To deodorize, store an open box of baking soda in your fridge.

It ought to go without saying that each time you see a splatter of food or oil in the microwave, you should wipe it clean immediately.  Other than that, the microwave should be given a good wipe down once a week.  Use a terry cloth towel and a water-vinegar solution (or water with lemon juice) for cleaning the inside of the microwave.

After each time you cook something in the oven, it’s necessary to wipe all traces of grease because if you don’t, they’ll eventually build up.  Built-up grease and charred food accumulate and turn into carbon.  A carbon-coated oven can eventually become a fire hazard, not to mention that it can ruin your food.  

If your oven came with a “self-cleaning” or “continuous cleaning” function, simply follow the instructions for carrying out the task.  if your oven doesn’t have those functions, simply wait for the oven to cool down completely before pulling out the racks and soaking them in warm soapy water to loosen up food particles and grime.  Next, mix 4 tablespoons of baking soda with a liter of water, put it in a spray bottle and spray the oven interior with the solution.  Let the solution sit on the surface for a few minutes before giving it a good wipe down.  Finish off with another wipe down using some water-vinegar solution.  Thoroughly rinse and dry the racks before putting them back inside the oven.

 

10. Working With Knives

A Clean, Safe And Healthy Kitchen In 13 Easy Steps

Image Credit: abcnews.go.com

Avoid using the same knife that you use for cutting raw meat on anything else other than raw meat.  If you’re done cutting raw meat, but need to use the same knife for cutting up the vegetables or fruits, wash it (using the right sponge) and dry it thoroughly first to avoid cross-contamination.

Keep your knives well-sharpened to avoid accidentally cutting your fingers when slicing your ingredients.  Using dull knives is actually more dangerous than sharp knives!

When slicing or cutting anything, always use a cutting/chopping board.  Do not cut food directly on the kitchen counter top.  It’s unsanitary and it will ruin the counter top finish.  Also, always lay a damp towel underneath the chopping board to keep the board from slipping or sliding, which can be extremely dangerous.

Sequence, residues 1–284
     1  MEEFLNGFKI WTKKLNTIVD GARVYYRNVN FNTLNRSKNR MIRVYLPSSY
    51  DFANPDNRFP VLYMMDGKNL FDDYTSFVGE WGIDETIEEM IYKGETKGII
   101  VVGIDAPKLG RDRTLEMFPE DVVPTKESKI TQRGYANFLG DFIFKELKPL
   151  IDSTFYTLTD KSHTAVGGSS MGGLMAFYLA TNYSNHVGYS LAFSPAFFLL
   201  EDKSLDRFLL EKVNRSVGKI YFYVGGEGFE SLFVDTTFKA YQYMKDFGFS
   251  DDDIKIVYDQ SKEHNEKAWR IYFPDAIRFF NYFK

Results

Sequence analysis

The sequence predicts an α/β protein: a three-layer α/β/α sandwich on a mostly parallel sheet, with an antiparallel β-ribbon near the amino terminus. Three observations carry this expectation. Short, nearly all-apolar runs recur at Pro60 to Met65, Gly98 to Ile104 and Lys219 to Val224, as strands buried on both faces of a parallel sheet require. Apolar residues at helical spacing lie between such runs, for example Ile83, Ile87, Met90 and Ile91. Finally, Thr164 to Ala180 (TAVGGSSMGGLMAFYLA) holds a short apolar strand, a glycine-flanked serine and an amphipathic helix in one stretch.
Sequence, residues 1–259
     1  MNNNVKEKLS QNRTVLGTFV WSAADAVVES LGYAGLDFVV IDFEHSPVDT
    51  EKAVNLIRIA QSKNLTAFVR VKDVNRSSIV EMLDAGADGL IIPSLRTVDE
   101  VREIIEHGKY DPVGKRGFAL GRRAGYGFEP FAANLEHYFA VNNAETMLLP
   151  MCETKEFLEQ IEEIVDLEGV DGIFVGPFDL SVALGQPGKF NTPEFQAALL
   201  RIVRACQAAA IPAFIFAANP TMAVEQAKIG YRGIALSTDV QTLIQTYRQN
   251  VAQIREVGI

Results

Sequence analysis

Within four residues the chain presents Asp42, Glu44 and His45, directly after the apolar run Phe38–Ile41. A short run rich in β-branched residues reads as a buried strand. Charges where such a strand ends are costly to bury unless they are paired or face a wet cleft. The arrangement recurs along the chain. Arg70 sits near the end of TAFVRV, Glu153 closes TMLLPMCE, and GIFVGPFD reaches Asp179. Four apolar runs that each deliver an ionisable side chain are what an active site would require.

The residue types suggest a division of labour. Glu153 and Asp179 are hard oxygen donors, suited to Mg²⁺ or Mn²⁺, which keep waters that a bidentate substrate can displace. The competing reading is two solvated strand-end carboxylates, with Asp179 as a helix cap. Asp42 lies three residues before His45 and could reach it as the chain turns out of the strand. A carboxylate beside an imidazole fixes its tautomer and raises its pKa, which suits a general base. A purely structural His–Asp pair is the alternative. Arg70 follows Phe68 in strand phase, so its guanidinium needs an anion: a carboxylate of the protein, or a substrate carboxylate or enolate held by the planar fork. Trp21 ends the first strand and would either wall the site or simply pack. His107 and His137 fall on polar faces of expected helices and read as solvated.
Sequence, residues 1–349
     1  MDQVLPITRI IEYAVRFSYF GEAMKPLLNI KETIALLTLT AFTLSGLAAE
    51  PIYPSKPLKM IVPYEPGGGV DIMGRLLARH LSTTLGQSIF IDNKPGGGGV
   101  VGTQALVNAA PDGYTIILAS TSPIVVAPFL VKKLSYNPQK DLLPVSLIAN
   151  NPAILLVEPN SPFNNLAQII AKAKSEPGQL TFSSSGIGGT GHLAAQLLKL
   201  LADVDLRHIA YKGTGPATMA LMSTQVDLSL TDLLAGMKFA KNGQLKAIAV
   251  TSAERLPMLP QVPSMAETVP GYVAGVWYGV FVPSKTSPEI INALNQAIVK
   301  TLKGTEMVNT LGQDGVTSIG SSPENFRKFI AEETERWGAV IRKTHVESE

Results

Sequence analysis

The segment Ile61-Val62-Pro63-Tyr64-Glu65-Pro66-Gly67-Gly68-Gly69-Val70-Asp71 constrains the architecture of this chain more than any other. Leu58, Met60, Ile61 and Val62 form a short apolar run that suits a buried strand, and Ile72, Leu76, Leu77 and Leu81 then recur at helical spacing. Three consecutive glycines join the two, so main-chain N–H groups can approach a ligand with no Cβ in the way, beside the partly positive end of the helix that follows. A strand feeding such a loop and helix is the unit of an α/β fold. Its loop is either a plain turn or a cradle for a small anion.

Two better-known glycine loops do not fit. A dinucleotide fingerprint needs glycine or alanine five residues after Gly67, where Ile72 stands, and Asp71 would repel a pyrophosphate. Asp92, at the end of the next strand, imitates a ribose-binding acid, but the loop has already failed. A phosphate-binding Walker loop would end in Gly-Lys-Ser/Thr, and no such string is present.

11. Invest In A Ladle Rest

A Clean, Safe And Healthy Kitchen In 13 Easy Steps

Image Credit: stonewallkitchen.com and designwatcher.blogspot.com

It’s unsanitary and messy to rest the ladles, turners and other cooking tools directly on the kitchen counter top while cooking.  Use a proper ladle or spoon rest to avoid making any unnecessary mess on the counter top.

 

12. Towels And Rags

A Clean, Safe And Healthy Kitchen In 13 Easy Steps

Image Credit: potterybarn.com

You should have no less than four hand towels in your towel drawer.  Change your hand towel every two days.  Assuming you do your laundry once every week,  this system will ensure that you have a clean towel ready for use come laundry day.  If you do your laundry more often that that, so much better.

Hang the dish towel somewhere else or drape it over the counter top (make sure your counter top is clean) to allow it to air dry in between uses.  If you prefer to put it away and store it in a drawer until your next use, just make sure that it’s thoroughly dry.   Bacteria loves warm and moist environment.  Change your dish towel twice a week.

Keep a small cleaning rag beside the sink for quick surface cleanups.  If you’ve used it to wipe off sauces from food or splatters of oil, or anything that might become sticky when left to dry, wash the rag immediately with soap (or liquid dishwashing detergent) and water.  At the end of the day, wash it again the same way and drape it over the sink or faucet to dry overnight.  Once a week, change it to another fresh, clean rag and wash the old one with the rest of the laundry.  You might consider totally disposing of a month-old rag and replacing it with a new one, if you prefer to do so.

A Clean, Safe And Healthy Kitchen In 13 Easy Steps

Image Credit: potterybarn.com

Even if you have a cleaning rag, you should still keep a few rolls of paper towel for added convenience.  Just don’t use too much of it and opt for the eco-friendly paper towel to help the environment.  Use paper towel to wipe away the kind of mess that you wouldn’t want your cleaning rag to pick up like  juices from raw meat, the juice from a canned tuna, your pet’s barf, etc.